Generate scatter plot

`scatterplot(x) `

scatterplot(x,n)

scatterplot(x,n,offset)

scatterplot(x,n,offset,plotstring)

scatterplot(x,n,offset,plotstring,h)

h = scatterplot(...)

`scatterplot(x) `

produces
a scatter plot for the signal `x`

. The interpretation
of `x`

depends on its shape and complexity:

If

`x`

is a real two-column matrix,`scatterplot`

interprets the first column as in-phase components and the second column as quadrature components.If

`x`

is a complex vector,`scatterplot`

interprets the real part as in-phase components and the imaginary part as quadrature components.If

`x`

is a real vector,`scatterplot`

interprets it as a real signal.

`scatterplot(x,n)`

is
the same as the first syntax, except that the function plots every `n`

th
value of the signal, starting from the first value. That is, the function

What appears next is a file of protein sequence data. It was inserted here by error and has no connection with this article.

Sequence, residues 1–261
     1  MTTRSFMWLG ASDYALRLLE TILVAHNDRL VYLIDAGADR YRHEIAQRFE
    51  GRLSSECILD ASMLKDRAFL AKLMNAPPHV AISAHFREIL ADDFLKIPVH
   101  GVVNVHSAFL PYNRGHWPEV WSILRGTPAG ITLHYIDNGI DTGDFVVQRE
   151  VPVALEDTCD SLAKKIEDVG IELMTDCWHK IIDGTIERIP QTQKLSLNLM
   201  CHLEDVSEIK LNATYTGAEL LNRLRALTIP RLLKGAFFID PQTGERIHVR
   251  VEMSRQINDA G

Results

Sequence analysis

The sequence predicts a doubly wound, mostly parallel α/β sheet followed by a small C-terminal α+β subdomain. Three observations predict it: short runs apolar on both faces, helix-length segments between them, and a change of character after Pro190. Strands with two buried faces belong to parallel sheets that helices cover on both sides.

decimates `x`

by a factor of `n`

before
plotting.

`scatterplot(x,n,offset)`

is
the same as the first syntax, except that the function plots every `n`

th
value of the signal, starting from the (`offset+1`

)st
value in `x`

.

`scatterplot(x,n,offset,plotstring)`

is
the same as the syntax above, except that `plotstring`

determines
the plotting symbol, line type, and color for the plot. `plotstring`

is
a character vector whose format and meaning are the same as in the `plot`

function.

`scatterplot(x,n,offset,plotstring,h)`

is
the same as the syntax above, except that the scatter plot is in the
figure whose handle is `h`

, rather than a new figure. `h`

must
be a handle to a figure that `scatterplot`

previously
generated. To plot multiple signals in the same figure, use ```
hold
on
```

.

`h = scatterplot(...)`

is
the same as the earlier syntaxes, except that `h`

is
the handle to the figure that contains the scatter plot.

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